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Sun Cluster 3.0 12/01 Security: with the Apache and iPlanet Web and Messaging Agents

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This article takes a first step in providing secured configurations for Sun Cluster 3.0 software by describing how three specific agents can be deployed in a secured configuration that is supported by Sun Microsystems. Sun Cluster 3.0 software is used by organizations to provide additional assurance that mission-critical services will be available despite unexpected hardware or software failures.
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The purpose of this article is to provide tips on writing scripts that automate the data service installation and configuration process. The example used throughout this article is deploying the HA-NFS data service, whose agent is contained on the Sun' Cluster 3.0 software Data Services CD-ROM. While this may be a simplistic case, since the application software (NFS server) is part of the Solaris' Operating Environment (Solaris OE) that does not have to be installed separately, the example is helpful to illustrate some points about how to architect your scripts.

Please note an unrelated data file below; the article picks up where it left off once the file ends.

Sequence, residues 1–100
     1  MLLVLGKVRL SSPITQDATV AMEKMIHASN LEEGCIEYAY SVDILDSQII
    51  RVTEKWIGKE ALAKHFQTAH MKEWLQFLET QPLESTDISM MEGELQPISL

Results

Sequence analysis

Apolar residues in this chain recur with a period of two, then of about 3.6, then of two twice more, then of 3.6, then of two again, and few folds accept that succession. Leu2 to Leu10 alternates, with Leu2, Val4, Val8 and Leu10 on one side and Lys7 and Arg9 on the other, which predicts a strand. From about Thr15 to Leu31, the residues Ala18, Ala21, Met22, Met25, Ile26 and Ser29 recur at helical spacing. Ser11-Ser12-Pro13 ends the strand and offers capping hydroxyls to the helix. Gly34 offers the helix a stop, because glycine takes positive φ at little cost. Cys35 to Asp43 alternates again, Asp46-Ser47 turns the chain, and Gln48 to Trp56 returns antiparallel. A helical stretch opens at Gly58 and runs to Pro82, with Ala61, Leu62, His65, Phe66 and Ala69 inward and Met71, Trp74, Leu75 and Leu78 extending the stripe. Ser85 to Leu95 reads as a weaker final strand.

This article includes the following subjects to detail architecting your scripts:

  • Overview

  • Cluster configuration

  • Tips for setting up a data server

  • Sequences and dependencies

  • Data service administration

  • Backing out of data services


After you install the Sun Cluster 3.0 software and perform basic cluster configuration, your next task is to set up data services for the application or applications you plan to run on your cluster. This procedure consists of several steps. Some of the steps, such as creating a global filesystem, need to be performed from the command line. Others, such as creating a resource group, can be performed through the SunPlex' Manager GUI. Since there are numerous steps involved, that require either executing complicated commands or traversing through several GUI screens, it is advantageous to capture these steps in a script that can be used to repeat the process.

Since it is prudent to test out mission critical applications on a test network before they are put into production, scripts are a valuable tool to capture what you did on the test network to make sure it is repeated consistently on the production network. Scripts are also useful in rebuilding systems that may be used for multiple testing purposes. Another reason for writing scripts is to allow lesser experienced system administrators to perform complex configuration tasks.

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